November 11, 2016
By Leylha Ahuille
Most of the books in Spanish found in the U.S. market are imported from Spain and Latin America, and distributors and wholesalers have played a significant role in making Spanish-language titles from large and midsize overseas publishers available here. As demand for Spanish-language books in the U.S. has grown, more independent and smaller presses are making their way into the market via established and new distributors.
One of the newest distributors to enter the market is Miami-based American Book Group (ABG), which began representing publishers from Mexico and Spain in 2015. Some of the Mexican publishers that it represents are Grupo Planeta’s BookIt series and its Diana imprint, children’s publisher Tres Abejas, New Age publisher Acqua Ediciones, and Sélector USA, a joint initiative between ABG and Mexico’s Editorial Sélector. ABG’s Spanish clients include Editorial Sol 90, which offers books with beautiful computer-generated illustrations.
ABG’s director of sales, Ernesto Martinez, attributes the company’s early success in signing clients to having a warehouse in Miami, giving publishers access to the U.S. market through print-on-demand, and distributing e-books.
In addition to working with foreign publishers, ABG has found a niche in representing major U.S. houses that publish Spanish-language books to independent bookstores. “Many independent-bookstore owners want to offer books in Spanish but don’t know the language or the market well enough to make a selection that will appeal to their consumers,” Martinez explains. “We help them in selecting titles. It’s really about consultative selling.”
ABG primarily sells to independent bookstores, libraries, wholesalers, museums, and schools, as well as Hispanic retailers such as Hispanic grocery stores and retailers focused on meeting the needs of the Hispanic consumer. When asked what makes ABG different from other distributors, Martinez says that, unlike other distributors, “we are not here to disrupt the market, but to offer our service to publishers.” He adds, “We have a focus on metadata and making sure the complete information is available. We are also very selective in the titles we offer and provide consulting services to buyers.”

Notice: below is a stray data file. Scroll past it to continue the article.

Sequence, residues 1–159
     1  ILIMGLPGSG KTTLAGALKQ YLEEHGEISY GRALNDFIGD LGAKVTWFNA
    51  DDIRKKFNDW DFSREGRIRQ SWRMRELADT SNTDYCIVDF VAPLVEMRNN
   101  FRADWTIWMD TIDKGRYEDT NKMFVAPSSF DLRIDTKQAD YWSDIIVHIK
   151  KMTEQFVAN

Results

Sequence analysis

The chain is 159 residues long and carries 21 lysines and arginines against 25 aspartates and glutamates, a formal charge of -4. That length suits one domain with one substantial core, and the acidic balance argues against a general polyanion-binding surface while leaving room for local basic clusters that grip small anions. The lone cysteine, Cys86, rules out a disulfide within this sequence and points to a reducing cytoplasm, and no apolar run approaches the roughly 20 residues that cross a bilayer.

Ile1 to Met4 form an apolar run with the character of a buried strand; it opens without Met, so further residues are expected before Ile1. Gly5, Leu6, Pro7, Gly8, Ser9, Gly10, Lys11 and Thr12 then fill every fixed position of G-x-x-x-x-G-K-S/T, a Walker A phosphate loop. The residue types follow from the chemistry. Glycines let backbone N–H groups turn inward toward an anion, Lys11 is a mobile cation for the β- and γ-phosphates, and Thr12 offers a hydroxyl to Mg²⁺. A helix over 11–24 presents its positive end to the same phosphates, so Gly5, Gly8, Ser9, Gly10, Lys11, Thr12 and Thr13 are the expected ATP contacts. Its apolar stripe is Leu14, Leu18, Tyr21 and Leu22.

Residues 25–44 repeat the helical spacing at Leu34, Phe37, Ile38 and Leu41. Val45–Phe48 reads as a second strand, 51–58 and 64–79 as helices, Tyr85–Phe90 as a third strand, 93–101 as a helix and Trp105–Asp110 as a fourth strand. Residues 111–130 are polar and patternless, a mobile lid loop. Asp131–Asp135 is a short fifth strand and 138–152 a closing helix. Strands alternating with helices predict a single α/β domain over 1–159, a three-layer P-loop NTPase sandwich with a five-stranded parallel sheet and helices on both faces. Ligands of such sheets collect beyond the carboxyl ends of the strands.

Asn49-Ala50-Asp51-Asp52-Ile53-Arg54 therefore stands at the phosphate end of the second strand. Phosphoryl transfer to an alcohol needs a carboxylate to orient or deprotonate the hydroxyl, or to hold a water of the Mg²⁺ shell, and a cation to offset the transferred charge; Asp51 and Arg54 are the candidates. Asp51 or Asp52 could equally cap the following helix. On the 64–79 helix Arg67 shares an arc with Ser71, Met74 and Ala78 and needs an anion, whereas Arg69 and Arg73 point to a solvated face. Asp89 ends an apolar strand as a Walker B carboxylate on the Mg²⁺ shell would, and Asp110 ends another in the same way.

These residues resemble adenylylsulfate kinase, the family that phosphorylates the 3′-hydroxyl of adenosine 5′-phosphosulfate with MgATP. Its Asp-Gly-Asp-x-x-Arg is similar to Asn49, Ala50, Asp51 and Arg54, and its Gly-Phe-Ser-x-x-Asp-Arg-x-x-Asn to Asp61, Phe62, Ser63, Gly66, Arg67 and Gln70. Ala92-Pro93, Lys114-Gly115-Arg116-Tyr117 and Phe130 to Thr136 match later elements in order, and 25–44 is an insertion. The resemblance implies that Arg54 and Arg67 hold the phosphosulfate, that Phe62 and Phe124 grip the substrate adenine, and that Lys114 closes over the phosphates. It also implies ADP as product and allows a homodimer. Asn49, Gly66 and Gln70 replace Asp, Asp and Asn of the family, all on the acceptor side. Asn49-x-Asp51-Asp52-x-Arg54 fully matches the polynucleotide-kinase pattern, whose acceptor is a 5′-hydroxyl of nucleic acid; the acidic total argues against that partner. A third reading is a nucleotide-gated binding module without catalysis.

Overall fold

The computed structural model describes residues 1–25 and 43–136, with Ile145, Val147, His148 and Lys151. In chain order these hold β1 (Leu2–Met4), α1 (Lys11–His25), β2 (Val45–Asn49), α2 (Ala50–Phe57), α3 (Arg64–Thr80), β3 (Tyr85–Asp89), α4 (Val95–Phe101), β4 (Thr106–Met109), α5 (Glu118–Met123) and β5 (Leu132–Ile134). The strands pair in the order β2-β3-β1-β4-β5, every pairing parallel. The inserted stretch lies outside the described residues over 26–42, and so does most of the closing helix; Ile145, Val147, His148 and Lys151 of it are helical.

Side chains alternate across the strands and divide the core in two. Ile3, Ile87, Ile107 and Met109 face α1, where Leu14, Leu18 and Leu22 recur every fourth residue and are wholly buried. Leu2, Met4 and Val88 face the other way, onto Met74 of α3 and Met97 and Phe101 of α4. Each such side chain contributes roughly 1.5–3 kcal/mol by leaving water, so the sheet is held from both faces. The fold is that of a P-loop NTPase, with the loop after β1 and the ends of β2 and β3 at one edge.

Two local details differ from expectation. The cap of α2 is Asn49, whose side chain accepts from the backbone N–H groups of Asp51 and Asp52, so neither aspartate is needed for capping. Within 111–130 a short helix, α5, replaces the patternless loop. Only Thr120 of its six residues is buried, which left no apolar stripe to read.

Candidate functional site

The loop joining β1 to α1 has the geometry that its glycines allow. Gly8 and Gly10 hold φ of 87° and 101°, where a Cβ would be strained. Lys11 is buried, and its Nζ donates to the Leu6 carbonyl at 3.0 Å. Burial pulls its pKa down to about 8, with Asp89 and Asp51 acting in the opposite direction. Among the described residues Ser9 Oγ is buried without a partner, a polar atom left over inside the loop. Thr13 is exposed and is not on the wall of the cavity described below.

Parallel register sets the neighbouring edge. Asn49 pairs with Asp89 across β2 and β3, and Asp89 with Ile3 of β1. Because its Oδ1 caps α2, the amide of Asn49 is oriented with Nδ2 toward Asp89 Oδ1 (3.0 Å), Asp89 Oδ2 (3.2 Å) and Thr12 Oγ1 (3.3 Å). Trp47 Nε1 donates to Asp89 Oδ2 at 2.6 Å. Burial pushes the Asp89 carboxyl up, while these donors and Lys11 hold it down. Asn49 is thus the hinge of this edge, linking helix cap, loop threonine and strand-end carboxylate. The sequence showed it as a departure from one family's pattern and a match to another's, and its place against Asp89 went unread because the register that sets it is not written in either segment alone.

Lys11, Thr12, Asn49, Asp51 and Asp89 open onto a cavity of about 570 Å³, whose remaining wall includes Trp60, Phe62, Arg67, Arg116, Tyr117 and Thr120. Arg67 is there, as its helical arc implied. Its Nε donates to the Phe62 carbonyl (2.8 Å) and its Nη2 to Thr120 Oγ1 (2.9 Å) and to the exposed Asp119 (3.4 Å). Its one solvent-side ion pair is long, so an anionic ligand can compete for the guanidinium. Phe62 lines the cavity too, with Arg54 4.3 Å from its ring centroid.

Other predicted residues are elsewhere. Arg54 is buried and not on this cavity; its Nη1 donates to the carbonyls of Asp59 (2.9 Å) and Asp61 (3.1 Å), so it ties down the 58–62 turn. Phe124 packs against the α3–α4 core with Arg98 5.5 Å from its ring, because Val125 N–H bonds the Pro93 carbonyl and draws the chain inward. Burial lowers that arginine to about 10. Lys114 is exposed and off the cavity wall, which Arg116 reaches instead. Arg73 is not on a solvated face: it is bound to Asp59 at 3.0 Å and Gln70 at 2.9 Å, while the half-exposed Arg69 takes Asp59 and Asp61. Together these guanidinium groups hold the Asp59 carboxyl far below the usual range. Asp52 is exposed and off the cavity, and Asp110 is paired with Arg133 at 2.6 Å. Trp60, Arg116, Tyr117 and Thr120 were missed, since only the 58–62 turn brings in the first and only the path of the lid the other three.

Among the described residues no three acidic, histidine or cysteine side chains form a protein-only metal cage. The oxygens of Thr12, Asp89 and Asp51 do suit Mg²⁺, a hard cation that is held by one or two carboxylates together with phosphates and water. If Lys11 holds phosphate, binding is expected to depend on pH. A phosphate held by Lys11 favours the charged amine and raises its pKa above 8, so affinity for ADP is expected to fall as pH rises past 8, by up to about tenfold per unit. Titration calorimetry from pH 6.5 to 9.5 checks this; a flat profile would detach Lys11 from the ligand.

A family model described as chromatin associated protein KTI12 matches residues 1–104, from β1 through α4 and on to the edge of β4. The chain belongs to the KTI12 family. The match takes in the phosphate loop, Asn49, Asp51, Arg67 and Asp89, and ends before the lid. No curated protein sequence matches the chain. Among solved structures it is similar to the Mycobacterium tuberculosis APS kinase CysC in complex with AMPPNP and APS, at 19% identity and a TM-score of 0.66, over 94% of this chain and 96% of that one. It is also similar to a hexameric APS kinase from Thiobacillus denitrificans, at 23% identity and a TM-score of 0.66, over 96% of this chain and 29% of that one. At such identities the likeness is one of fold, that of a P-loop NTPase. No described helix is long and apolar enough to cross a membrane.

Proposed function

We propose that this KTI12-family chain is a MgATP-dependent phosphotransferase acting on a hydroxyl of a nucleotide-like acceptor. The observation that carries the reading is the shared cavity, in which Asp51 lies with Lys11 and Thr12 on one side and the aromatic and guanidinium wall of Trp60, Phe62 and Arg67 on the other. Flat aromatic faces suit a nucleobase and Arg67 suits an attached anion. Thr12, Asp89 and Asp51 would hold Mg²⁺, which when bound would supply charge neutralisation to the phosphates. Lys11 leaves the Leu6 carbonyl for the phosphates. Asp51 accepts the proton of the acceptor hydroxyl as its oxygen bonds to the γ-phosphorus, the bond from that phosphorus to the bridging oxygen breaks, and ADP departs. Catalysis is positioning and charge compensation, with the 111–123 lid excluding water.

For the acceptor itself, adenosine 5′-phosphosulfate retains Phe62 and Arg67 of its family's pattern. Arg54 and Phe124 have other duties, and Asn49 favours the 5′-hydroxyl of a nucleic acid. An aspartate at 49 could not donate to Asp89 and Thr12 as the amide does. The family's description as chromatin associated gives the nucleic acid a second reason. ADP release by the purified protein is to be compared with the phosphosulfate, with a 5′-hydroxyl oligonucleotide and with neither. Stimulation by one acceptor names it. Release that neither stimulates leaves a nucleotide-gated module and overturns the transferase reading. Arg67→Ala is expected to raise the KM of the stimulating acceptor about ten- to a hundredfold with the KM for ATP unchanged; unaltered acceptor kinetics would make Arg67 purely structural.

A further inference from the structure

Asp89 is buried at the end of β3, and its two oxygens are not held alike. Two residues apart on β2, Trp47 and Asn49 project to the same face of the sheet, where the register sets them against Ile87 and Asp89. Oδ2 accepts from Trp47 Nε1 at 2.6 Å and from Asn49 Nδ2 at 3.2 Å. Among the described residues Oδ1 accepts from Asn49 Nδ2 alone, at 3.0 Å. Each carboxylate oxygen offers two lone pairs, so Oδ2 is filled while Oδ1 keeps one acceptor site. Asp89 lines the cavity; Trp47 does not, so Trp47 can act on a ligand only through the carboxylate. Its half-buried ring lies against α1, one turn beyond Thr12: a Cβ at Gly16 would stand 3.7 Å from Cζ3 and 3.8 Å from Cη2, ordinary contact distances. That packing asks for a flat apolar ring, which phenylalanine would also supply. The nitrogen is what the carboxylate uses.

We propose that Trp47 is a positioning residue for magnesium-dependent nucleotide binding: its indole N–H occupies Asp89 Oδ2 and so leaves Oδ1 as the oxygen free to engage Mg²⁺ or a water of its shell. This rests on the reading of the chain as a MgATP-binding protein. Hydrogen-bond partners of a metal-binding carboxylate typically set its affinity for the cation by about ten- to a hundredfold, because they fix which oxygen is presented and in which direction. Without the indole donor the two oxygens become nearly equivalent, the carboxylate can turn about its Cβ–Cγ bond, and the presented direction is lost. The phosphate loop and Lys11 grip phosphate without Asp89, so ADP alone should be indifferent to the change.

ABG has also expanded into publishing. In addition to the recently launched Sélector USA imprint, ABG publishes a series called MariaGarcia: Tu Guía Latina (Maria Garcia: Your Latina Guide), a series of practical how-to books, where part of the content is delivered through the book and additional information is available on a dedicated website.
Lectorum is a well-established and growing distributor that has been in business for 56 years and that was purchased by Alex Correa in 2009. The company works with more than 200 publishers and has a wide selection of children’s and YA books, which make up 70% of its catalogue, with adult trade titles comprising the remaining 30%. Of the books that it distributes, close to 80% are imported from Spain and Latin America (Mexico, Argentina, and Colombia are its primary providers). The balance of its list comes from domestic publishers and consists mainly of nonfiction books.
Lectorum is the sole distributor of Spanish-language books for the Chicago and New York City public school systems. School and library sales represent about 50% of Lectorum’s total while the other half comes from retail chains, distributors, and wholesalers.
Over the past few years, according to Correa, the category product mix has changed: “In the past, about 40% of our sales were fiction and 60% nonfiction, but the market has transformed and now the numbers have inverted.” He attributes much of the change to the effect transformations in school curriculums have had on the school market, where demand for fables and for fiction books has increased.
The types of books requested from libraries and the trade market have not changed much in the last couple of years, with translations often doing better than original works in Spanish. In the school market, however, the demand is still strong for original works in Spanish and for books that reflect the colloquial language and the local culture from a wide range of countries.